2013 was just overflowing with fantastic movies from beginning to end. From big blockbusters to small indie flicks, 2013 delivered some high quality entertainment. I tried to put together a Top 10 list but I just couldn’t do it. There were just so many good movies that I genuinely enjoyed very much this year. So let’s dive right in:
The Hunger Games: Catching Fire
2013 was not short of blockbusters, and while many failed to deliver, others shined. One of those is The Hunger Games: Catching Fire, the second film in The Hunger Games Saga. It’s immensely enjoyable, thanks to some well-directed action scenes from new director Francis Lawrence. It’s thought-provoking and also bitterly funny. Good performances from Jennifer Lawrence and newcomers like Jenna Malone and Phillip Seymour Hoffman help pave the way for what will hopefully be an exciting finale.
Greta Gerwig gives the performance of her career in this indie dramedy, one that almost slipped past my radar, but I happened to stumble upon on Netflix. Frances Ha tells the story of a young girl trying to start her life right out of college. The film is one of the best portrayals of modern young adult post-college life, in the same accurate way found in HBO’s Girls. It’s worth checking out, for more than just Gerwig’s acting, but also for its biting accuracy and sharp wit.
Star Trek Into Darkness
J.J. Abrams has made a name for himself with the Star Trek reboot films, and Into Darkness adds onto the world he established in the 2009 original. A sharp story and a fantastic villain come to mind when recalling this great thrill ride, as the crew of the Enterprise are faced with a completely new threat. Chris Pine and Zachary Quinto are now household names in the Trek universe, and as Abrams moves onto Star Wars in 2015, we’ll always remember the outstanding changes he brought to the Star Trek world.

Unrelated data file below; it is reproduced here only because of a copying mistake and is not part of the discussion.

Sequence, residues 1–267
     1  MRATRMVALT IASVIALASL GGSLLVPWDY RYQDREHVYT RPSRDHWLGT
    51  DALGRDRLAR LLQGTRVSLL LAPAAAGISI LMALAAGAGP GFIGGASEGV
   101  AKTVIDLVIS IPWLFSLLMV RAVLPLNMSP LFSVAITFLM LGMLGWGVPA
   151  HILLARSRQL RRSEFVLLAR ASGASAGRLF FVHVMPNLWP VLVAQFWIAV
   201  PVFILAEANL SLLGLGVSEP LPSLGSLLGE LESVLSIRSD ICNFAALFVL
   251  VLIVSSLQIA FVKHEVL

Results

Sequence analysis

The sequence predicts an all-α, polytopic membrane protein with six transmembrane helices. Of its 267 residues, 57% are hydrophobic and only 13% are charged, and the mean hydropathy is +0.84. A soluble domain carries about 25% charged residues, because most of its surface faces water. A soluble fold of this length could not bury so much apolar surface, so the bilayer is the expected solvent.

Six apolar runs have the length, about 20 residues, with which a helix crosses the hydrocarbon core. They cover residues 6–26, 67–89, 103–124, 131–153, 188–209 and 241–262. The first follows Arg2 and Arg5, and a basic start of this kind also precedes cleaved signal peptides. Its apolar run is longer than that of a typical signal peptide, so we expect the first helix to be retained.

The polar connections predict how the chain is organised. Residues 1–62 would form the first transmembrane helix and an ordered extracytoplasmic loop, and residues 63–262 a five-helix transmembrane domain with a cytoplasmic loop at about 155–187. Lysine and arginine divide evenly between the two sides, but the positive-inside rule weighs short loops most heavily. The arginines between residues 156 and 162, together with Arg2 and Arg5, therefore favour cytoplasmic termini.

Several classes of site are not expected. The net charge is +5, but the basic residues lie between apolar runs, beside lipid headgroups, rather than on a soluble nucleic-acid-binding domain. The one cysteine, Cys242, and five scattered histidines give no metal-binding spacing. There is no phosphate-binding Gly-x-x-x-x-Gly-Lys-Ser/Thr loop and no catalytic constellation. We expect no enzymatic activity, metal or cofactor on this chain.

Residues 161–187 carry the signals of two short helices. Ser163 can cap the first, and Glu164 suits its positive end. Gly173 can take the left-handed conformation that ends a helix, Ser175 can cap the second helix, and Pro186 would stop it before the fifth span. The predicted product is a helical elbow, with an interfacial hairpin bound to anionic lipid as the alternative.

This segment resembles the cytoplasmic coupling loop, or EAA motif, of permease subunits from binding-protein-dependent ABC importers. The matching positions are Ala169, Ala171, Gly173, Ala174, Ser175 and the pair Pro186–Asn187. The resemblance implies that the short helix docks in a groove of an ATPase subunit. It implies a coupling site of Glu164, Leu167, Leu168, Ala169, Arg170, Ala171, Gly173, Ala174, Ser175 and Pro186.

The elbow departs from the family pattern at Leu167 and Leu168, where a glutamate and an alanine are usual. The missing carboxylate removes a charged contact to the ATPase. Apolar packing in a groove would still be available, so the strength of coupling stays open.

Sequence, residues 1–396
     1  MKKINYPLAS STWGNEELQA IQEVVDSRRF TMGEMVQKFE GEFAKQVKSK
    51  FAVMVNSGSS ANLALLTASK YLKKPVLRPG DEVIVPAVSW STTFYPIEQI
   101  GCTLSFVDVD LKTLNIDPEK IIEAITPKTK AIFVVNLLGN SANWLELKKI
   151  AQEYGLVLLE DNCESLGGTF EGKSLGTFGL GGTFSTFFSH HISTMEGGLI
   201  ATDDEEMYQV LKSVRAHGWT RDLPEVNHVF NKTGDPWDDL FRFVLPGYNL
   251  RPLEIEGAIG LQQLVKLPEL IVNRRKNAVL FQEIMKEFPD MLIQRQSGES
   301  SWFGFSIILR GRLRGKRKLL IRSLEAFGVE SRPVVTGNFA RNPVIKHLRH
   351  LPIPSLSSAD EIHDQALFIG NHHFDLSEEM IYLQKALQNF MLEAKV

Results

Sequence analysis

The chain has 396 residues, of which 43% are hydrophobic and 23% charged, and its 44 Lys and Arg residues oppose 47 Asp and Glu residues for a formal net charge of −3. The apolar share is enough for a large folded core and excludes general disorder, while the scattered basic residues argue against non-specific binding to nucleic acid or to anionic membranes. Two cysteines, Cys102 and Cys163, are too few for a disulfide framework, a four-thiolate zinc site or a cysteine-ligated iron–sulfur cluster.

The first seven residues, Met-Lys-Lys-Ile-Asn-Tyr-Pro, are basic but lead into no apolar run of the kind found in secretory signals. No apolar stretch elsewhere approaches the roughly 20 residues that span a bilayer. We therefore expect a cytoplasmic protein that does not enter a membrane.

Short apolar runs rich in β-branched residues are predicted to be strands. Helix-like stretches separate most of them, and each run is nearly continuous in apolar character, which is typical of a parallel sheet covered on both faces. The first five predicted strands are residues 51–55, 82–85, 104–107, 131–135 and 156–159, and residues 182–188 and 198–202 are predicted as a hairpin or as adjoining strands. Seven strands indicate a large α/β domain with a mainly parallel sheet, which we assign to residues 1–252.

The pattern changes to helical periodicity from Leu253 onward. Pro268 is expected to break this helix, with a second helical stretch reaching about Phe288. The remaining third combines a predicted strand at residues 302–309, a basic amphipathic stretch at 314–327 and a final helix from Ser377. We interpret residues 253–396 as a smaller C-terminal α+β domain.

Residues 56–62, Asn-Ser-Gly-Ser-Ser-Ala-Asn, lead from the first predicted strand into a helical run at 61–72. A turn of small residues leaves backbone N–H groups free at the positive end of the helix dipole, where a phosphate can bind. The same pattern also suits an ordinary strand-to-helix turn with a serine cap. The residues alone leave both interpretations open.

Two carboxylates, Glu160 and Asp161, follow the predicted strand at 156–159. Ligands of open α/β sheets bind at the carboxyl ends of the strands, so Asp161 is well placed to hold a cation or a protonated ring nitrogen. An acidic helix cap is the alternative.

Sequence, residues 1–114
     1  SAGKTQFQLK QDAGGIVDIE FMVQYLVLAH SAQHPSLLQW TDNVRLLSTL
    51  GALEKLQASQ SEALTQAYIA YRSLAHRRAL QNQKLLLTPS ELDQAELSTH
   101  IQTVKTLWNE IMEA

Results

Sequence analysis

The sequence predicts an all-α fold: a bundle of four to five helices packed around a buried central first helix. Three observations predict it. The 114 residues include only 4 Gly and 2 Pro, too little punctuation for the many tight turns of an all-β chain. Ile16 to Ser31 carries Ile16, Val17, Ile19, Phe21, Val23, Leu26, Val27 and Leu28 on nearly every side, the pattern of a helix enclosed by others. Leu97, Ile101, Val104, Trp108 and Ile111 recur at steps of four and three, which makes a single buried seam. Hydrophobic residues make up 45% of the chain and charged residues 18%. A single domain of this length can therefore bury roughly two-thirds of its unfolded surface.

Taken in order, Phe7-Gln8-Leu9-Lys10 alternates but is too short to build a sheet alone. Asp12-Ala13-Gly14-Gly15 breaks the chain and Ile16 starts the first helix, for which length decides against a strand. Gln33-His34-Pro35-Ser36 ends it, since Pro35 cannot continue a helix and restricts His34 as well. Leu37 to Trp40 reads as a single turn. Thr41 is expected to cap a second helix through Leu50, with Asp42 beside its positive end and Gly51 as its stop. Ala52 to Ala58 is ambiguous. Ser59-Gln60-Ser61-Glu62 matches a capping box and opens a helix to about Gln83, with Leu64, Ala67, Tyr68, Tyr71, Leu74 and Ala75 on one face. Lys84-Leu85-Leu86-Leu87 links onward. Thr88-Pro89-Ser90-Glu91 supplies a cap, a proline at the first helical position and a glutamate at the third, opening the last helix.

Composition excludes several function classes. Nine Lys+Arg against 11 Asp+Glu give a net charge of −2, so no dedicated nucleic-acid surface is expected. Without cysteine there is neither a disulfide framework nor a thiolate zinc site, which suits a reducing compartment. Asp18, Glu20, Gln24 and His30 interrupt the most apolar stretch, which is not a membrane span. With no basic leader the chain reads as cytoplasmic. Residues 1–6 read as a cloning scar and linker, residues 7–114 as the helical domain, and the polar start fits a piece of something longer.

The Wolf of Wall Street
You may have heard of Martin Scorsese’s new film, but not in a very positive light. It’s crass, it’s outrageous, and it’s terrific entertainment. Leonardo DiCaprio gives one of his best performances as Jordan Belfort, telling the story of a real man who played the Wall Street game. Jonah Hill also surprises, and The Wolf of Wall Street features some of the most ridiculously memorable moments in movies in 2013.
The Way Way Back
Growing up is hard, and in directing duo Jim Rash and Nat Faxon’s summer indie, no where is this more evident. A great coming of age story, it’s unconventional yet also familiar. Sam Rockwell delivers some of the funniest and most quotable lines all year, as he takes young Duncan under his wing at Water Whizz water park. It’s honest, and it’s endearing, in a “we’ve all been there” kind of way, and it’s definitely worth seeing.
As a complete stranger to the world of Formula One, what drew me to Rush was not the high-octane intense racing sequences, but the intense rivalry between Nicki Lauda and James Hunt. Ron Howard’s directing is perfect here, with gorgeous cinematography to boot. But it’s all about the two stars here, and Daniel Bruhl is simply captivating. You don’t have to be a racing fan to enjoy Rush, just a movie fan.
Romantic comedies are the punching bags of cinema, yet in Nicole Holofcener’s latest, she changes the game. Julia Louis-Dreyfus and James Gandolfini (in his final role) play your not-so traditional couple. Both divorced, with children of their own, they fall in love despite some awkward circumstances. It’s both a sincere look at middle age, and a great and refreshing love story. Enough Said should not be passed over because of its genre.